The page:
Motherhood in a pandemic
WELL. GUYS. What a year we are having. I hope you’re all doing ok, and I really hope you are all reading this at home with the curtains tightly closed in case that creepy neighbour walks past again and waves. If you don’t have one of those, it’s you. Sorry, I don’t make the rules.
There are rainbows in windows everywhere, thanking our key workers for their brilliant efforts, and behind each one is a parent who is relieved to have a half an hour activity with their bored offspring. Homeschooling started weeks ago with an enthusiastic bang, parents with well-meaning lesson plans all sat down on that first Monday and smashed through a day of spellings and maths, with some colouring-in for balance. Now, 3 weeks into the lockdown, we rarely know where the kids are and aren’t entirely sure if we’ve fed them today. Lesson plans have been replaced with shrugs and a glass of red. Minecraft is now a STEM activity and Roblox ticks the maths box because, I dunno really, it has numbers in?
“There is a lot of talk of mental health and wellbeing around on the internet at the moment, and for people with kids who are themselves at huge risk of losing their livelihoods (HELLO!) I think it’s for the best that we don’t try to be superhuman through all of this.”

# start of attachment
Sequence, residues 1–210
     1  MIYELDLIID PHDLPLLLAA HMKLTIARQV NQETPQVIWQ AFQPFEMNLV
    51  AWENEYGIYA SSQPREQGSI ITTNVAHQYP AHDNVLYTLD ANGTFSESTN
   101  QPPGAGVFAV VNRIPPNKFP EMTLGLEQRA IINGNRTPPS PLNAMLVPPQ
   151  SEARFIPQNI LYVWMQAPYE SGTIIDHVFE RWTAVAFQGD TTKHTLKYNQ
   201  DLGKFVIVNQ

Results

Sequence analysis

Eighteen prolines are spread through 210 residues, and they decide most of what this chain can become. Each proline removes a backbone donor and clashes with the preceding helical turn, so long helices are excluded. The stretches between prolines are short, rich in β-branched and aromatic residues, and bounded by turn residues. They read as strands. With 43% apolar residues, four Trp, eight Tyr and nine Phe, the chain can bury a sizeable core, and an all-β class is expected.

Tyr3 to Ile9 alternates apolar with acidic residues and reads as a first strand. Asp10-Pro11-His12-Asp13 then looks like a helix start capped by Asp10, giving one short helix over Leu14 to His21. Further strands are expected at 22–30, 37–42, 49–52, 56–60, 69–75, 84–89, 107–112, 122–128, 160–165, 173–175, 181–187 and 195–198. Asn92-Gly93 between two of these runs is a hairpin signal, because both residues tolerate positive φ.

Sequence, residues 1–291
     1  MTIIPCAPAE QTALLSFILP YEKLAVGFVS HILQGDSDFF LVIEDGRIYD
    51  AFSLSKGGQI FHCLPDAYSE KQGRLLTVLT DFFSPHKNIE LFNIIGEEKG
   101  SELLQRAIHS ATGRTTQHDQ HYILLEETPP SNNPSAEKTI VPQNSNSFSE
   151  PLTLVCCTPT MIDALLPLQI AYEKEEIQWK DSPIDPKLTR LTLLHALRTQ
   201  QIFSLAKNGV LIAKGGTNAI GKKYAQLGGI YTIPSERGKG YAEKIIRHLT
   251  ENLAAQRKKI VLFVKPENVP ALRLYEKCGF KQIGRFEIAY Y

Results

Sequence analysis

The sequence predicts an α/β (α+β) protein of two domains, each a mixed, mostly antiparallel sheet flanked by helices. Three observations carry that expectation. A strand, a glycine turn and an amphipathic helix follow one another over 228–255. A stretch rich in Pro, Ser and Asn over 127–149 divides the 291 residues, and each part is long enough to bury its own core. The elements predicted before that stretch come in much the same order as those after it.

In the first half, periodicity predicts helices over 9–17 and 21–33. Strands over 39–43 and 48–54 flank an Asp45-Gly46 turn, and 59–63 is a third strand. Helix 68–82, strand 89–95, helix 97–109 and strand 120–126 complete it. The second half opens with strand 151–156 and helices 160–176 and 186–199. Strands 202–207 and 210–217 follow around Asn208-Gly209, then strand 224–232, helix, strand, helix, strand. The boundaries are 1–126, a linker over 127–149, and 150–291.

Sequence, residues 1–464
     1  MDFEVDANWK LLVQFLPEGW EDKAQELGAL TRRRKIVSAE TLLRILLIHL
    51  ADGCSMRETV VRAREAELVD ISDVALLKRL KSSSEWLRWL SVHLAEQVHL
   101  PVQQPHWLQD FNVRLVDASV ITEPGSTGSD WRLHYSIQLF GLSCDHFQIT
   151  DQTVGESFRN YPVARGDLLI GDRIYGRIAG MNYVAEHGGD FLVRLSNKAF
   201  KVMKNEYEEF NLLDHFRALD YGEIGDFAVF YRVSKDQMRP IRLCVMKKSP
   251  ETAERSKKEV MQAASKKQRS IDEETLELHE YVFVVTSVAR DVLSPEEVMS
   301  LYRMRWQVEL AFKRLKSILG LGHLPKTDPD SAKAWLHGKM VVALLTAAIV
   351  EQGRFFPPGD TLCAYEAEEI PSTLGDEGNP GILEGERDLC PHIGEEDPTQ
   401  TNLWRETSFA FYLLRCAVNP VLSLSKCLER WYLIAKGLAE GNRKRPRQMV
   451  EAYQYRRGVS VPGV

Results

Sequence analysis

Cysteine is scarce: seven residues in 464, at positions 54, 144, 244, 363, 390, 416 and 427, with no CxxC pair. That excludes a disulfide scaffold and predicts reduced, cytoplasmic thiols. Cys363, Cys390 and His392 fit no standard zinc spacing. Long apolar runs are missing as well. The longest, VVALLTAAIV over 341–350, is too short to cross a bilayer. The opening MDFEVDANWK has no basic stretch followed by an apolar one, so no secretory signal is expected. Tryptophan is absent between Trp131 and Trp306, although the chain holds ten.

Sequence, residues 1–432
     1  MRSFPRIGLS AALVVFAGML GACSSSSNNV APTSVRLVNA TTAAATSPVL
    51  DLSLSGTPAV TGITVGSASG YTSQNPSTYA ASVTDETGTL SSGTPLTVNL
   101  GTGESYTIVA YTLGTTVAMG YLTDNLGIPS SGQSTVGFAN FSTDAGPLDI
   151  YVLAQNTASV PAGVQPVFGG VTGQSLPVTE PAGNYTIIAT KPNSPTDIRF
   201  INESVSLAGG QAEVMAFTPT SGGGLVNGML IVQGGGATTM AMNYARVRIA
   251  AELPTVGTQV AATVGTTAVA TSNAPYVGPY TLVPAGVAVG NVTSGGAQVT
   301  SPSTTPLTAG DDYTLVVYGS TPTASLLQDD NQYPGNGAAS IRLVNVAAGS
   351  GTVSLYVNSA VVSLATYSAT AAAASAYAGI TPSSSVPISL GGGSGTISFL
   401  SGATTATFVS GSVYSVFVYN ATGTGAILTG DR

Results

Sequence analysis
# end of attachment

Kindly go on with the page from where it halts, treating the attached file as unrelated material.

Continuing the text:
I really thought I’d be fine with homeschooling. Keeping the kid on track, not really teaching but allowing her mind to stay academically active. No. Nope. Not even slightly. Right now she’s sat in a bucket of what I suspect is rainwater, Skyping her best mate on an old phone we’ve agreed she can use and eating what looks like raw frozen chips. I’m indoors watching Bargain Hunt and writing this. We started well, but the Easter Holidays arrived and it felt a bit unfair to force her to do school work, so now every day is a Sunday afternoon and I’m not sure that time exists any more.
There is a lot of talk of mental health and wellbeing around on the internet at the moment, and for people with kids who are themselves at huge risk of losing their livelihoods (HELLO!) I think it’s for the best that we don’t try to be superhuman through all of this. Getting through each day as peacefully as possible is the most we can ask of ourselves. Feel free to learn a new skill, but also feel free not to. It turns out that ‘not having time’ was never the reason I didn’t learn to juggle or learn another language. If you want to clear out your underwear drawer, brilliant. If you want to eat ice lollies for breakfast, also brilliant! Do whatever you and your kids need to and ignore the pressure to do more. This is a pandemic, not The Real Housewives of Beeston.